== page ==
Heatstroke in dogs can be a very serious condition if not treated right away. Here, our Newtown vets discuss heatstroke in dogs including its signs, what you should do, and how it can be prevented.
Heatstroke in Dogs
Heatstroke (a.k.a. heat exhaustion) is a serious and potentially fatal concern for dogs. When a dog’s body temperature is elevated above a normal range (101.5°F), hyperthermia can occur.
Heatstroke is a form of hyperthermia. It happens when your dog’s body is overwhelmed by excessive heat and can't regulate back to a normal temperature. When your dog's body temperature rises past 104°F, they are in danger. If body temperature is above 105°F, this indicates heatstroke.
Causes of Heatstroke in Dogs
A sadly common cause of heatstroke in dogs is people leaving their dogs in the car. On summer days, a vehicle's temperature can quickly exceed dangerous levels. Leave the dog at home while you shop.
A lack of access to water and shade in your backyard or at the beach can also spell trouble. Shade and water are vital on warm weather days, especially for dogs with medical conditions such as obesity, and senior dogs.
Your dog's breed could also be a contributing factor when it comes to heatstroke. If your dog is flat-faced or short-nosed they tend to be more vulnerable to breathing issues and more likely to get heatstroke. If your dog is sporting a thick coat they can have more issues with overheating.
Each dog requires close supervision, especially on days when the mercury is rising.
Signs of Heatstroke in Dogs
During the summer, watch carefully for signs of heatstroke in dogs including any combination of the following symptoms:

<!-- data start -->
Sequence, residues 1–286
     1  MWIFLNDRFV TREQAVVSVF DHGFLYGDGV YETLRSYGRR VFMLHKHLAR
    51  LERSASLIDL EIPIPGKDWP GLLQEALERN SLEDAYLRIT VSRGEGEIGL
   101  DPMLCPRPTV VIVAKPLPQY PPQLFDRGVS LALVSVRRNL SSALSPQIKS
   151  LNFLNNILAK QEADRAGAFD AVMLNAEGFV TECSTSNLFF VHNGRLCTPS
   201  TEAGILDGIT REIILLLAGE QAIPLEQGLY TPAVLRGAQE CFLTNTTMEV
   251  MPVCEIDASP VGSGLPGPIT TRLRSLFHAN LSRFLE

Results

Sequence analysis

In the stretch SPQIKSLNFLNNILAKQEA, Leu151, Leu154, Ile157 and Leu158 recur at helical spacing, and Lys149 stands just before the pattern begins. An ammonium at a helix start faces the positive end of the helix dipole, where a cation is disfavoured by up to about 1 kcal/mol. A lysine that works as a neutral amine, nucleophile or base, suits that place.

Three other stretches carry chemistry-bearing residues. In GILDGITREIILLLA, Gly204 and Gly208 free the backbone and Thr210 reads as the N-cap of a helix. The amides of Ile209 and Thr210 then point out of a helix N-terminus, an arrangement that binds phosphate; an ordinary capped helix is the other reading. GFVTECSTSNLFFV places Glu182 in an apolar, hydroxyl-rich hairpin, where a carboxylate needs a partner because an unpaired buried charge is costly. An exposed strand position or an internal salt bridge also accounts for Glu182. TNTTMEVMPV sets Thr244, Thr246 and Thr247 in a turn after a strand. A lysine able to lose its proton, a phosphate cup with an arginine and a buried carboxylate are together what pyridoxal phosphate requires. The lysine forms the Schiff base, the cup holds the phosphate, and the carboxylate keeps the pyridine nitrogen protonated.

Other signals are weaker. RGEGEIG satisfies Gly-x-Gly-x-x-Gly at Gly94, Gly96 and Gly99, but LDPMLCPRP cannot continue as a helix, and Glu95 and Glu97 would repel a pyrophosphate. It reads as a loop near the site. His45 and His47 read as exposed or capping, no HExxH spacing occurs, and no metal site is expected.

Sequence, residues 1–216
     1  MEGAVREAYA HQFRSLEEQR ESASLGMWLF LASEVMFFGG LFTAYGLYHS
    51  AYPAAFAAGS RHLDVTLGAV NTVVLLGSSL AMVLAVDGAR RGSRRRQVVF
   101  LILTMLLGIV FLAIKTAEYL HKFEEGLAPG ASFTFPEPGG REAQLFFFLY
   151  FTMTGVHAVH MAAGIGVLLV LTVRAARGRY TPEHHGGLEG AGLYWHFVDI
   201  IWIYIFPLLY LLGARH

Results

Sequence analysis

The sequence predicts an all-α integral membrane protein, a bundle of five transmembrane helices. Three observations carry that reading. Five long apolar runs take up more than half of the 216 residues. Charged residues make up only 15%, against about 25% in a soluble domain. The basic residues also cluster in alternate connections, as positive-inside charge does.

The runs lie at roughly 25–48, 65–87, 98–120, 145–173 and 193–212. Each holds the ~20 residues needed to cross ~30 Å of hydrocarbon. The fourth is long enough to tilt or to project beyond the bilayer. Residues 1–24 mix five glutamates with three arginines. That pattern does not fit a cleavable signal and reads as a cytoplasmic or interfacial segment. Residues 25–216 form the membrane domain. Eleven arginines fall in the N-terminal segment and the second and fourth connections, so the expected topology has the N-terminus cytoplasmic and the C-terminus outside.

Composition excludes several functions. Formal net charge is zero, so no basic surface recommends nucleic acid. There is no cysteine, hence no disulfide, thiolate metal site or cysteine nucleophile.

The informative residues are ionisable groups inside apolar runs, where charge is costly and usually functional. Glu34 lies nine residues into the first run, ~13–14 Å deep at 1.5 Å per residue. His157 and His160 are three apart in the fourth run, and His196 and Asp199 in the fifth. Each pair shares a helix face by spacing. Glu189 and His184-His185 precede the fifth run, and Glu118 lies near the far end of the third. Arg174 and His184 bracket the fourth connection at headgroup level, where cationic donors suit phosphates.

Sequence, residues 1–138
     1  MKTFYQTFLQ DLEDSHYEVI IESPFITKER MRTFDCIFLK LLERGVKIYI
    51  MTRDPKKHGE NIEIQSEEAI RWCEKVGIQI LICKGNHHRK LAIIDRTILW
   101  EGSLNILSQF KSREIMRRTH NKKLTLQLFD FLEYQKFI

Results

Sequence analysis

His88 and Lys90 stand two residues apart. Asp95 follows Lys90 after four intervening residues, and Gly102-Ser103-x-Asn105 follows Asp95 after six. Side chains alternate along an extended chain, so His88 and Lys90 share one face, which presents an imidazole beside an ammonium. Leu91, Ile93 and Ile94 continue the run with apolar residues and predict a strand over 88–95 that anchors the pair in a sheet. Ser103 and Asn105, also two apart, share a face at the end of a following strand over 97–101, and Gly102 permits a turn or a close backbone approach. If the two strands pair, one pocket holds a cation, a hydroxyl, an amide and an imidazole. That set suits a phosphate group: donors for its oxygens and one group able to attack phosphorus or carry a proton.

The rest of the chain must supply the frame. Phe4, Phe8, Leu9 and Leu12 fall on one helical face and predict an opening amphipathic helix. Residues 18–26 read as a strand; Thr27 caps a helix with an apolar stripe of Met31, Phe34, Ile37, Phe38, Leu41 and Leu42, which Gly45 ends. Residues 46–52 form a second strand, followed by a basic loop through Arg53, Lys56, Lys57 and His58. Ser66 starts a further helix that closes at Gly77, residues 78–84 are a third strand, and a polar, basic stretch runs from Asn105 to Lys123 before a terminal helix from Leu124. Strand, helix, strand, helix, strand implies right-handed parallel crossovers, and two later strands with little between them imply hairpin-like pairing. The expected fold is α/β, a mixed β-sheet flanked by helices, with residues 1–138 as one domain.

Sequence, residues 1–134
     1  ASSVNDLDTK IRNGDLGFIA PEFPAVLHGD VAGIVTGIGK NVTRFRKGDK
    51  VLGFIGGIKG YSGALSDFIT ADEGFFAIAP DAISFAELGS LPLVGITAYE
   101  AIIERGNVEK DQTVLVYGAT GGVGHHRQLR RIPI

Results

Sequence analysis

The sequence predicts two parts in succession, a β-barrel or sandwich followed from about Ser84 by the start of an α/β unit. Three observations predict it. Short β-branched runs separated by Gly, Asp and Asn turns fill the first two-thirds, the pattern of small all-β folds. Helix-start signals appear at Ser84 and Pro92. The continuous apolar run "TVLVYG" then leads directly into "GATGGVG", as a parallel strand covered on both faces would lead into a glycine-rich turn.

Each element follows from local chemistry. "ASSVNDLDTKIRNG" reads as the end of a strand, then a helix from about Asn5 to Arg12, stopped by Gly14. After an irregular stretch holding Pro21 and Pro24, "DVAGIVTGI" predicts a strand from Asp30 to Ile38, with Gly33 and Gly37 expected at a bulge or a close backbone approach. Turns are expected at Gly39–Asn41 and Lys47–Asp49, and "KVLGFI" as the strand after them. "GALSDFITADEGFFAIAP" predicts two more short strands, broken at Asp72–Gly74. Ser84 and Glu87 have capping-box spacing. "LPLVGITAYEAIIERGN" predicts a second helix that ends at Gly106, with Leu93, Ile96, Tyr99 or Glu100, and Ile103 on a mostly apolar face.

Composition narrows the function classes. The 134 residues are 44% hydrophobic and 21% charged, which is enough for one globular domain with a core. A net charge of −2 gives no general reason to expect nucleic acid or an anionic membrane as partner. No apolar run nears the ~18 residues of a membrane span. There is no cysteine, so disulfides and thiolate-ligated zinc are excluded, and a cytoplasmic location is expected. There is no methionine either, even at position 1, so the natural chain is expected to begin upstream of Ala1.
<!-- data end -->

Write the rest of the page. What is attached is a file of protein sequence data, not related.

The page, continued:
- Excessive panting
- Signs of discomfort
- Unable/unwilling to move
- Collapsing or loss of consciousness
- Mental “dullness” or flatness
- Red gums
If your dog is displaying any of the above heatstroke symptoms it's time to take action.
What to Do if Your Dog Shows Signs of Heatstroke
Fortunately, heatstroke in dogs can be reversed if detected early. Immediately take them to a cooler place with good air circulation if you notice your dog displaying any symptoms listed above. If symptoms do not improve quickly, contact your vet immediately for advice.
Take your dog’s temperature if you have access to a rectal thermometer.
If their temperature is above 104°F, this qualifies as an emergency and your dog will need to see a vet.
If this temperature is above 105°F, immediately hose or sponge your dog’s body with cool (not cold) water. Contact your vet or your nearest emergency vet for further instructions.
Take your dog to a vet right away whether you can reduce their temperature or not.
Preventing Heatstroke in Dogs
To help prevent your dog from getting heatstroke, be very cautious about how much time your dog spends outside or in the sun during the summer.
Never leave your dog in a car with closed windows, even if you park in the shade.
Don't leave your dog in the car with the windows open a little bit. It still gets way too hot in the car for your dog.
Make sure your dog has shade to retreat to and easy access to cool water.
Note: The advice provided in this post is intended for informational purposes and does not constitute medical advice regarding pets. Please make an appointment with your vet for an accurate diagnosis of your pet's condition.